Fatty liver disease a risk factor for dementia
According to a recent study, non-alcoholic fatty liver disease appears to be a potential risk factor for dementia. Additionally, people with this form of liver disease who have had heart disease or stroke appear to be at even higher risk for dementia.
A research team from the Karolinska Institutet in Stockholm investigated whether there was a link between non-alcoholic fatty liver disease and the likelihood of developing dementia. According to the results, non-alcoholic fatty liver disease can be assessed as a potential risk factor for dementia. The results of the corresponding study were published in the specialized journal "Neurology".
Prevalence of non-alcoholic fatty liver
According to researchers, up to 25% of people worldwide are affected by non-alcoholic fatty liver disease, making it the most common chronic form of liver disease.
Non-alcoholic fatty liver disease can be caused, for example, by obesity and associated diseases such as high blood pressure or type 2 diabetes. And in a small percentage of those affected, it leads to inflammation of the liver or liver damage.
"Common risk factors for non-alcoholic fatty liver disease and dementia include metabolic disorders such as high blood pressure, diabetes and obesity," says study author Dr. Ying Shang of the Karolinska Institute.
Relationship Between Fatty Liver Disease and Dementia Studied
In the current study, the researchers wanted to find out if there is a link between this form of liver disease and the risk of dementia – independent of other risk factors.
To do this, the team analyzed data from Sweden's national patient registry and identified 2,898 people aged 65 and over who had been diagnosed with non-alcoholic fatty liver disease.
In addition, 28,357 people without fatty liver disease comparable in terms of age, sex and place of residence served as a control group.
After a median follow-up of more than five years, 145 people with nonalcoholic fatty liver disease (5%) were diagnosed with dementia, compared with 1,291 people without liver disease (4.6%).
Significant increase in dementia rate
When controlling for cardiovascular risk factors such as high blood pressure and diabetes, people with nonalcoholic fatty liver disease had a 38% higher overall rate of dementia than people without liver disease, the research team reports. .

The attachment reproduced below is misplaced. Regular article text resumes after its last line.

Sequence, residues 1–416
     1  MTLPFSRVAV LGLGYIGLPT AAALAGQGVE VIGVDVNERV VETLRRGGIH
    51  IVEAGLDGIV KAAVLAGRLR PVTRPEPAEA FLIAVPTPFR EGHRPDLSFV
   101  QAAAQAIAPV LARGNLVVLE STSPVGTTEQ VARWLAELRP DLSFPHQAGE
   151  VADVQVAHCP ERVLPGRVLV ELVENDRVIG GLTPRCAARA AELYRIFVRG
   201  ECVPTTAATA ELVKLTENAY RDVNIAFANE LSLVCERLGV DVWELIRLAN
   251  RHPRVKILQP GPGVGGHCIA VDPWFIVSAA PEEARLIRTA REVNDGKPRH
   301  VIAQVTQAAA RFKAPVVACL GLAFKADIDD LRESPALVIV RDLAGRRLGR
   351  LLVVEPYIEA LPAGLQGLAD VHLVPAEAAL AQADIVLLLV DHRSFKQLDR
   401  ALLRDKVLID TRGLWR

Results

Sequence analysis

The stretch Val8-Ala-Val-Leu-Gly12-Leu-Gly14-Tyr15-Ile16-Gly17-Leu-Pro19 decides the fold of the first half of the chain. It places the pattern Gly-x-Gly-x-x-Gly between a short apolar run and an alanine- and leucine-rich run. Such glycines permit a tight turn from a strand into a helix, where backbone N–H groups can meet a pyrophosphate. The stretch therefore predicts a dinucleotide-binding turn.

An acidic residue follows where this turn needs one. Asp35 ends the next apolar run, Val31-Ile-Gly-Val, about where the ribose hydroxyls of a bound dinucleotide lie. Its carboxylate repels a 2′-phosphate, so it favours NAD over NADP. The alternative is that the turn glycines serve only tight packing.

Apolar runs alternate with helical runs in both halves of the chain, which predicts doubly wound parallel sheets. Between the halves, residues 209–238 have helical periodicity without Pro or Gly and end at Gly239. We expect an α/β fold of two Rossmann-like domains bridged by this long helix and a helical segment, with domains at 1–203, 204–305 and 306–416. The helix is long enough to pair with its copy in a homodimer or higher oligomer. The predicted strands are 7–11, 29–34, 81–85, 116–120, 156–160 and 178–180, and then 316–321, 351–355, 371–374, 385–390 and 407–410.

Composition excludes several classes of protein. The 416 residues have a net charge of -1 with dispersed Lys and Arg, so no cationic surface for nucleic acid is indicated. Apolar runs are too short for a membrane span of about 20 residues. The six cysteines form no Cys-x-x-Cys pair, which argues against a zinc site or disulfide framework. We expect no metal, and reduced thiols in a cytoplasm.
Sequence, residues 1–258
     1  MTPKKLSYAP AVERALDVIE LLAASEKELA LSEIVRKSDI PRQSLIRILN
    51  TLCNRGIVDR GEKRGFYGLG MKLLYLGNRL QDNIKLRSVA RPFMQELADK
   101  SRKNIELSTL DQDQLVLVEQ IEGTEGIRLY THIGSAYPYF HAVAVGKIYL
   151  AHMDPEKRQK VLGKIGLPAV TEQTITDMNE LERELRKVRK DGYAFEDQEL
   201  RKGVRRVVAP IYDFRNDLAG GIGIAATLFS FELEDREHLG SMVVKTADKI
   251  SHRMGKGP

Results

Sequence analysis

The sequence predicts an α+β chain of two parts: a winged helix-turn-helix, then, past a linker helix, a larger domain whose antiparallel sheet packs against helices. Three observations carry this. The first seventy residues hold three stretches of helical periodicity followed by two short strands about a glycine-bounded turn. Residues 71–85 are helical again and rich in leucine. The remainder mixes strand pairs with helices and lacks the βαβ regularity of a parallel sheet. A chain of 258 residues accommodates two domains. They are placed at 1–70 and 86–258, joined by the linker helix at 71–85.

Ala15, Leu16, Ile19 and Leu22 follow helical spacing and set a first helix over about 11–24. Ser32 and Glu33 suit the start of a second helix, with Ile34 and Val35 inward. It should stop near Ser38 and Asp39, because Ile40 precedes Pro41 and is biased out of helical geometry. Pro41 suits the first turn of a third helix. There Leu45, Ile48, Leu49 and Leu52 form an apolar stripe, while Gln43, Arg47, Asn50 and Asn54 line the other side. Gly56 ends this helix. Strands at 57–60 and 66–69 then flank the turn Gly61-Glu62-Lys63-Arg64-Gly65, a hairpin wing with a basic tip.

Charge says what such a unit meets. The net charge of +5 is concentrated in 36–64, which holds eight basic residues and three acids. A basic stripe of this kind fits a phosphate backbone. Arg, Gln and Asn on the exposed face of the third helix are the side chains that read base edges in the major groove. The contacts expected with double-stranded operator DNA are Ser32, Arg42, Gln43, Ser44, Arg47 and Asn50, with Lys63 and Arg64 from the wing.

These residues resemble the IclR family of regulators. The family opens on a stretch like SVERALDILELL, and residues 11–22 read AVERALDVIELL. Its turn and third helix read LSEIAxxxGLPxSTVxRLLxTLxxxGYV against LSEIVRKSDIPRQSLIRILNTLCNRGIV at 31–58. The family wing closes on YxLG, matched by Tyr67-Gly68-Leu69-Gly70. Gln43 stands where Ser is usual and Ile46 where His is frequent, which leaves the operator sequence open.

An evaluation specifically related to vascular dementia showed that people with non-alcoholic fatty liver disease even had a 44% higher rate of dementia than people without liver disease.
People who had heart disease in addition to non-alcoholic fatty liver disease had a 50% higher risk of dementia, and those who had had a stroke had more than 2.5 times the risk of developing dementia, write the experts.
"Our study shows that non-alcoholic fatty liver disease is associated with the development of dementia, which may be primarily caused by vascular damage in the brain," summarizes Dr. Hang Together.
Targeted treatment of this form of liver disease and cardiovascular disease that occur at the same time could therefore reduce the risk of dementia, according to the study author. (fp)
Author and source informationShow now
This text corresponds to the specifications of the specialized medical literature, medical guidelines and current studies and has been verified by health professionals.
Sources:Ying Shang, Linnea Widman, Hannes Hagstrom: Nonalcoholic fatty liver disease and risk of dementia: a population-based cohort study; in: Neurology (published 07/13/2022), neurology.org American Academy of Neurology: Study: Liver disease related to high risk of dementia (published 07/13/2022), aan.com
This article contains general advice only and should not be used for self-diagnosis or treatment. It cannot substitute a visit to the doctor.